Until 1944 the majority of prisoners of war held by the Germans were airmen, and housing and guarding them was the responsibility of the Luftwaffe. Army prisoners were held by the Heer, the relatively few naval prisoners divided among the two. The Luftwaffe guards were remarkably lenient with their prisoners, usually extending personal and professional courtesy to fellow fliers. Since known escape artists were held in one place, it made it easier for MI9 to route the appropriate local maps and currency to the camps, through the means of board games and other camouflaged items. Maps to camps in northern Germany would include routes to Sweden, or Spain through northern France, for example, while those camps to the south would receive maps to Switzerland or across the Pyrenees to Spain.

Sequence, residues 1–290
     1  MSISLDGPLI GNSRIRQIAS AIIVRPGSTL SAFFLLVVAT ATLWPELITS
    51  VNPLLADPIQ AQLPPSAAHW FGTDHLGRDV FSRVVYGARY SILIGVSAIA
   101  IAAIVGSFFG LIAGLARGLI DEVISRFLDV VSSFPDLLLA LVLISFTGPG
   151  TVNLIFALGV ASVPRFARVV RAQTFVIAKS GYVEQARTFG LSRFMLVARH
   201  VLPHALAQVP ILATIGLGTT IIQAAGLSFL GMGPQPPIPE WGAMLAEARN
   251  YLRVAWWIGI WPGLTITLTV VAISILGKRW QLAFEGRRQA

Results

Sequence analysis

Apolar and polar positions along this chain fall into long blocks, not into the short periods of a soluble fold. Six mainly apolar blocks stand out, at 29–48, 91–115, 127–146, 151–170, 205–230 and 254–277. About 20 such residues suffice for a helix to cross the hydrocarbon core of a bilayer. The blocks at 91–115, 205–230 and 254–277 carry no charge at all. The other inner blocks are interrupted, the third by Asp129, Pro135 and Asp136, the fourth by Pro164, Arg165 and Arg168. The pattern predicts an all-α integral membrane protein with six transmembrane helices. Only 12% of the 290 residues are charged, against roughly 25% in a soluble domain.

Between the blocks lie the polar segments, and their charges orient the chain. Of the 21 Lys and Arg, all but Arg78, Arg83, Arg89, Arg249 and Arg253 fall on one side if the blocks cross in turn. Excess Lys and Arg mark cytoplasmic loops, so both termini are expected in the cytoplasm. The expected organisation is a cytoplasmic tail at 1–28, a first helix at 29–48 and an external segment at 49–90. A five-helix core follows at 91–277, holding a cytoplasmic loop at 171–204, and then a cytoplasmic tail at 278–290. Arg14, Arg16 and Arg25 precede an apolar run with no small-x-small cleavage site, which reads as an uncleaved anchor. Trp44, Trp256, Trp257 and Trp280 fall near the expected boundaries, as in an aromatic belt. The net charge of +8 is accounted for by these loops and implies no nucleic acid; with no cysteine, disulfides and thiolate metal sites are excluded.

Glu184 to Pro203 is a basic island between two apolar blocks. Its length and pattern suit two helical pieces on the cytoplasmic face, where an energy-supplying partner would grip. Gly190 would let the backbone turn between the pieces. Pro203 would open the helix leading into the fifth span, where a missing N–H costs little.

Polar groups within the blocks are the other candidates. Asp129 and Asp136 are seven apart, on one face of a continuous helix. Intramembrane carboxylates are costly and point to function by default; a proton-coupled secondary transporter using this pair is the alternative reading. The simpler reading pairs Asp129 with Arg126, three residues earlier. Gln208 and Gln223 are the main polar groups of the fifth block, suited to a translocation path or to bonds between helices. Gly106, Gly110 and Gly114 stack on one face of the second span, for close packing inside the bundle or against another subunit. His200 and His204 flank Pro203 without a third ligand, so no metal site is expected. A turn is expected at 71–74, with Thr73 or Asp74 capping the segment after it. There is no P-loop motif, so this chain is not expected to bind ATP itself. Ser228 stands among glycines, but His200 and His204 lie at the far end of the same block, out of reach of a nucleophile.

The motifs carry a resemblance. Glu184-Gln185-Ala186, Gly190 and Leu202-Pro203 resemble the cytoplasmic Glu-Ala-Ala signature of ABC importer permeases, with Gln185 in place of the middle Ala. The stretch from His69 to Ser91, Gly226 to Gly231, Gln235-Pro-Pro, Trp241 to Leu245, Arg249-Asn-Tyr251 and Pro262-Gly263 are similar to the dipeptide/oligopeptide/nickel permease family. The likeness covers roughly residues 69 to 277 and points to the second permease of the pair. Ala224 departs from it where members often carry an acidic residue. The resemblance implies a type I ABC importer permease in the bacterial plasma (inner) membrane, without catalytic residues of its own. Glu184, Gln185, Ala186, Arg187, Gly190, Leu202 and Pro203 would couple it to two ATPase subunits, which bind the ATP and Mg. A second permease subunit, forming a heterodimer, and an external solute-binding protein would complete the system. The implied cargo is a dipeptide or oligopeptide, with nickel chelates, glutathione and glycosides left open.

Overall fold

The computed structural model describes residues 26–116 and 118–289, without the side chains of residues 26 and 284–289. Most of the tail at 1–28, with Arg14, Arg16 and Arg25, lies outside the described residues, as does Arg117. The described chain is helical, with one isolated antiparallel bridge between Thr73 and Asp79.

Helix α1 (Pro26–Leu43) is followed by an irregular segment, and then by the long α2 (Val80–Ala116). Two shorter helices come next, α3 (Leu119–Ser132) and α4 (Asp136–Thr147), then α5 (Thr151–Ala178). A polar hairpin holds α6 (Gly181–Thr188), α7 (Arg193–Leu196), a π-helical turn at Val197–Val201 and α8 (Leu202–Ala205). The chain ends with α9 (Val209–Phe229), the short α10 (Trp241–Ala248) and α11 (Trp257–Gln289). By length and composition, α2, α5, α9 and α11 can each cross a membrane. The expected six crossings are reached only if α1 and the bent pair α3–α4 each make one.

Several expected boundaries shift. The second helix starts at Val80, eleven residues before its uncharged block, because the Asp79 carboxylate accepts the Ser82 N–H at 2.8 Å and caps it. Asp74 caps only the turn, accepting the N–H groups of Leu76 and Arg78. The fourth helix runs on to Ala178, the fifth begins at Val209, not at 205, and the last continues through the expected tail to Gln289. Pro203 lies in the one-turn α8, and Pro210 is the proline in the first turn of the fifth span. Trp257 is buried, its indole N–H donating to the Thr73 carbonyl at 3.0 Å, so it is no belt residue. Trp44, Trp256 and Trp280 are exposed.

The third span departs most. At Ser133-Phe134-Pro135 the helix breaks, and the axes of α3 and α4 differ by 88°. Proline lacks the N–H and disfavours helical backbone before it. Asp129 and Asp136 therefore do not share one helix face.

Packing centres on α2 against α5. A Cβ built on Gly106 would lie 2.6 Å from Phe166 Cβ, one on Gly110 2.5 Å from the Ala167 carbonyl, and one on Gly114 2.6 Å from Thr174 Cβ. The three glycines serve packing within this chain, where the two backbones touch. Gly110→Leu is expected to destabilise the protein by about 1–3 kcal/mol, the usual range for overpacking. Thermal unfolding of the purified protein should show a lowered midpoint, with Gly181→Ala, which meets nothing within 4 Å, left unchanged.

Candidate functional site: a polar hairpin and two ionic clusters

5. MI9 sent tools to the prisoners as well, disguised as recreational items
The Germans offered their prisoners the use of tools for gardening, recognizing that allowing the prisoners to grow additional food such as potatoes and beets would ease their own supply shortages. The tools were offered to the prisoners, and accepted, under the parole system, through which the prisoners agreed that they would not be used for the purpose of facilitating an escape. Both sides continued to honor the parole system throughout the war. But the parole system did not prevent the prisoners from making their own escape tools from materials available in the camp, and MI9 helped by sending additional tools to the prisoners for their use.